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Discussion Starter · #1 ·
I only have a minute, but DS (age 4.5) tantrums have gotten significantly worse (more often, more intense, longer lasting) in the last month or two.<br><br>
His diagnosis is up in the air, but he is not neurotypical. (One doc said mild to moderate autism, the other said he's not even on the spectrum.)<br><br>
The changes I can think of off the top of my head are that we moved in august and we got a dog about a month ago.<br><br>
I'll come back when I can. Thoughts?
 

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Could it also just be developmental? I'm a big fan of the developmental answer because I think when we have SN kids our minds go first to their issues rather than where they're just like every other 4 year old. I know for me that 4 has been one of the most difficult times developmentally for my son. I've also heard - and it seems to be often true - that the half year marks (2, 2.5, 3, 3.5, 4, 4.5) are often hard developmental times. Right after my son turned 4 he suddenly potty trained but also started having these big, stubborn tantrums. He's the kind of guy who will wait patiently with me in a check out line (I know, I know, my non-autistic child does NOT do that), but during that time I could take him almost nowhere. Then things got calm again. We're approaching 4.5, though. I'll let you know!
 

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Discussion Starter · #3 ·
It really could be developmental. DS is an only child and I was the youngest in my family--so I've had very little exposure to typically developing 4 year olds. In addition to the tantrums he's been very contrary lately. It really seems that he's looking for conflict.<br><br>
He's had two tantrums today. I can't remember the last time he had two in one day.<br><br>
The first was this morning. School was delayed start by 2 hours b/c of the snow. So we played in the snow for a bit then came in. He said he was hungry and wanted oatmeal. I started to make it and he had a fit b/c he didn't get to pour the oats into the pan. He often does this, but he knew I was making it and wandered off so I just kept making it. I would have let him put more in, but we were out--I had used the last of it. And i had already put some water in so I couldn't just scoop it back out. I offered to let him put more water in and/or stir. No go. He took the pan and dumped it all in the sink. Then had a 15 minute tantrum over the situation.<br><br>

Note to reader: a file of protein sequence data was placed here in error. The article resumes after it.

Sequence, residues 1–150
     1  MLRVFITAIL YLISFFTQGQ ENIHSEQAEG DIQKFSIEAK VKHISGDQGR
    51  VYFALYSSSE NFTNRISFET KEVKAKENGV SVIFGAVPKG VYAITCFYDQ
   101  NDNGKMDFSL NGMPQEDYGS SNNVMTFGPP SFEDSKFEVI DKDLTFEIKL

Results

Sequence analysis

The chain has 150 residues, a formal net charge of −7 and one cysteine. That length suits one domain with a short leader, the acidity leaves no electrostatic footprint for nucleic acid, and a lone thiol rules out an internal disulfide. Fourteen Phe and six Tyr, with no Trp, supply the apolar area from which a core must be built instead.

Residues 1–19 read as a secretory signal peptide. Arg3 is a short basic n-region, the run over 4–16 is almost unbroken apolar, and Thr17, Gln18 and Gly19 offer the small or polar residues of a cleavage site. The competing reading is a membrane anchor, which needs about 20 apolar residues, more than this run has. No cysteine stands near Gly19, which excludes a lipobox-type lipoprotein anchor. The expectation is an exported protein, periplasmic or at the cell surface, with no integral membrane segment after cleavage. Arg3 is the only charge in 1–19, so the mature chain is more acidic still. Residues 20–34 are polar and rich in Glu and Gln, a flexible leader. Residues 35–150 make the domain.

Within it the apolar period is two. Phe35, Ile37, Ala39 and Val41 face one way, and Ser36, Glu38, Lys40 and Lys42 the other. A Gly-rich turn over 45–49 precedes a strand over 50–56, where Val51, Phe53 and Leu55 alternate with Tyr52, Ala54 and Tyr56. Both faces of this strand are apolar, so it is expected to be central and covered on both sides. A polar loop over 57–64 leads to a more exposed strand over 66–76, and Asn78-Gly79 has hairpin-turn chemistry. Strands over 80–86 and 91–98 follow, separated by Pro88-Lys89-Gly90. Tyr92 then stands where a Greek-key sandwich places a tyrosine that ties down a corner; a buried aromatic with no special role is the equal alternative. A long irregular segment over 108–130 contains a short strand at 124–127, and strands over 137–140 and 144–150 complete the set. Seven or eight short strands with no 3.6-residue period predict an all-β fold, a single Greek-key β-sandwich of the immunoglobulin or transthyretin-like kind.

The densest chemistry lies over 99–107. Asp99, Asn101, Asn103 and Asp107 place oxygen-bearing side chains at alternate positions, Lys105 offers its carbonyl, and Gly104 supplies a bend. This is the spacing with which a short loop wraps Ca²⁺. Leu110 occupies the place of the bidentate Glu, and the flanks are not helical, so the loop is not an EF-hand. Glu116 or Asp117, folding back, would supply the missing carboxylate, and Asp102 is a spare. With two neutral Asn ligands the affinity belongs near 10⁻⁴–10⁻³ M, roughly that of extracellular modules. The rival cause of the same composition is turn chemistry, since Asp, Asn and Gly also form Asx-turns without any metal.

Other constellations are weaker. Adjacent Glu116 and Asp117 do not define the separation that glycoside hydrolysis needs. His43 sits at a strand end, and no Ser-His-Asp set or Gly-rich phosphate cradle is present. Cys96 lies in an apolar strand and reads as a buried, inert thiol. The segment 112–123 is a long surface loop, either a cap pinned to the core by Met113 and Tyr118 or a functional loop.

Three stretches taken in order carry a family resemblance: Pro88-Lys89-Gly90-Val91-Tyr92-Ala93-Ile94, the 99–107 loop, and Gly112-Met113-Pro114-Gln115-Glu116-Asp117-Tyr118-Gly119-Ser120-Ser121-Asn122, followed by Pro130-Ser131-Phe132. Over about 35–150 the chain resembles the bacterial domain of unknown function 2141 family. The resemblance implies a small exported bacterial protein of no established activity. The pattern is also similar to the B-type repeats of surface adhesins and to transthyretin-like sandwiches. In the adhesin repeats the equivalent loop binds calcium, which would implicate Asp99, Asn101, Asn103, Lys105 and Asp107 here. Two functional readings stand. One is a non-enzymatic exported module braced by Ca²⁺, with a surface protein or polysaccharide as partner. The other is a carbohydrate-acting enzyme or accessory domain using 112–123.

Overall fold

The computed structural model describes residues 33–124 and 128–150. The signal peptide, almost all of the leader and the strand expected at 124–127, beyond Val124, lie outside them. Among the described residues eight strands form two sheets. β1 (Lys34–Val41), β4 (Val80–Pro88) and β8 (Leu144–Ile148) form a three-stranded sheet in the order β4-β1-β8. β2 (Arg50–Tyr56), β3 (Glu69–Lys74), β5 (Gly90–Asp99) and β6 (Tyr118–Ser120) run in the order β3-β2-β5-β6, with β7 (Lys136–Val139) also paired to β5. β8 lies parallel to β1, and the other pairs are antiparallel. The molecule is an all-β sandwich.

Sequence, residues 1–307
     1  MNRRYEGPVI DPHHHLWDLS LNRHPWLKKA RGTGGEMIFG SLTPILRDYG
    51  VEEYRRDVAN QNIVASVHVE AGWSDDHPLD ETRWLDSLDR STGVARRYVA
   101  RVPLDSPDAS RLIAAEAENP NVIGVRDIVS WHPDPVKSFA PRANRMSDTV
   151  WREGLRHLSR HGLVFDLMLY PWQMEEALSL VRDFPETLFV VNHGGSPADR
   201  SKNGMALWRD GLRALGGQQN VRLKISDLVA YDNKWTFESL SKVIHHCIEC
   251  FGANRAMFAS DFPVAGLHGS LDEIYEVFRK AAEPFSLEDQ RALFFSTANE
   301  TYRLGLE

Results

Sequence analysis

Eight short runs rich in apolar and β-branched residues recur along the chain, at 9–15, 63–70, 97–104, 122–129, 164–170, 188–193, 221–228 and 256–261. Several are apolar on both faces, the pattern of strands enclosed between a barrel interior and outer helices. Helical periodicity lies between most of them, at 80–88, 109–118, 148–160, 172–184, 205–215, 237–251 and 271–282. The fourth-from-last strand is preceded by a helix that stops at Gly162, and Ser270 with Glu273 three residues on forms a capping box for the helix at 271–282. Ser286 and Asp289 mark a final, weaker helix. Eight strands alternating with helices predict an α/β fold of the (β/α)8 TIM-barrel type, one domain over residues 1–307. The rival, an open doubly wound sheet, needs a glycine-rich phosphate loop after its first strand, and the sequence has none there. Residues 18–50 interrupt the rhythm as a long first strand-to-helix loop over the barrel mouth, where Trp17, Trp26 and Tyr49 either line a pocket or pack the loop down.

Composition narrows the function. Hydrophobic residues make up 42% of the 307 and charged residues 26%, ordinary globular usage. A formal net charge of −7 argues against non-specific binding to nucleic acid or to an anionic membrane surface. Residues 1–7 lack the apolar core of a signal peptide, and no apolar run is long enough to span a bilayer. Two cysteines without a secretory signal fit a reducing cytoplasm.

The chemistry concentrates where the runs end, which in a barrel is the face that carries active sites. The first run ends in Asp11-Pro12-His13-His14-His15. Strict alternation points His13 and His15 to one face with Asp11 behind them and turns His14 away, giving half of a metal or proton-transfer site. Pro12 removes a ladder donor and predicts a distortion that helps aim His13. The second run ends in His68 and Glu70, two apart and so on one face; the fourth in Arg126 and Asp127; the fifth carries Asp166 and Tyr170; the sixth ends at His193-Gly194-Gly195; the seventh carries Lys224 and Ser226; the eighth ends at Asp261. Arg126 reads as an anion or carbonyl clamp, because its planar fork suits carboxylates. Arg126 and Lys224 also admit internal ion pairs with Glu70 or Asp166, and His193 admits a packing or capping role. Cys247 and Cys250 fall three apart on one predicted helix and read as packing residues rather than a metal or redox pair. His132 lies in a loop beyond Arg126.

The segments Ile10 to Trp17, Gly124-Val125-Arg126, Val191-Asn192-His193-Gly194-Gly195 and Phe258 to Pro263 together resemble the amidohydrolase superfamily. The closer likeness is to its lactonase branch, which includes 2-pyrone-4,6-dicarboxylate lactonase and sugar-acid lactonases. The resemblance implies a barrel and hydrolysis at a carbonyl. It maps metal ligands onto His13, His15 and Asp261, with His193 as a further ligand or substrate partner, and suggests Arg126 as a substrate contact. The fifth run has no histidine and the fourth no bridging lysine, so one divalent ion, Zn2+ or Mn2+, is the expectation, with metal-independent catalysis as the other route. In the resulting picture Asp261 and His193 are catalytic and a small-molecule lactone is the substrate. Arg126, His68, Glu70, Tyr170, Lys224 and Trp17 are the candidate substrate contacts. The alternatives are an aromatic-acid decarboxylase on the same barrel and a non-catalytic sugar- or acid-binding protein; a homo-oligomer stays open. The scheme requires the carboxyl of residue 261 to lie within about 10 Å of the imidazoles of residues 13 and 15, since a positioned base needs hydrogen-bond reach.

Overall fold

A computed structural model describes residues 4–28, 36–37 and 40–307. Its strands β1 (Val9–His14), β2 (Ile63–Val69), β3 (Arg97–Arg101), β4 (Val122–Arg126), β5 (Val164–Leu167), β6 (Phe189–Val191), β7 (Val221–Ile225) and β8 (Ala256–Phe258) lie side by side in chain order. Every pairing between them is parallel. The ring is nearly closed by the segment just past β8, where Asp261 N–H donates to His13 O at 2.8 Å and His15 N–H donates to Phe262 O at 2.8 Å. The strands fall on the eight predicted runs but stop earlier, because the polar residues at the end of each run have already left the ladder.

The second was this afternoon. He wanted to play in the snow. I said yes, after quiet time and a trip to Target (for ice-melting stuff to make our front steps safe). He had an hour and a half tantrum because he wanted to play in the snow first and I would not rearrange.<br><br>
These are pretty typical in terms of "triggers" and 15 minutes is quite short and an hour and half is quite long.<br><br>
So, possibilties include: developmentally appropriate, low blood sugar, changes in routine. . . . Any other ideas?<br><br>
Thanks,
 

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My son has severe autism, and his issues with tantrums started getting much worse right around 4 or 4.5. He has a lot of trouble transitioning, and as he's getting older he's tending to move from just long periods of being upset to periods of being in a rage. It's been a drastic change.<br><br>
We're giving him a large dose of Fish Oils and other "omegas" right now to see if it has any effects on his mood, but we're also sitting on an offer of a risperdal prescription.<br><br>
He's almost 6 now, and we're fairly sure that this new pattern of his isn't a phase of some sort. In your case, I would wait and see if it is a phase. It really could be.<br><br><img alt="" class="inlineimg" src="http://www.mothering.com/discussions/images/smilies/greensad.gif" style="border:0px solid;" title="greensad"> I'm sorry I don't have a nicer experience or explanation.
 

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<div style="font-style:italic;">The second was this afternoon. He wanted to play in the snow. I said yes, after quiet time and a trip to Target (for ice-melting stuff to make our front steps safe). He had an hour and a half tantrum because he wanted to play in the snow first and I would not rearrange.<br></div>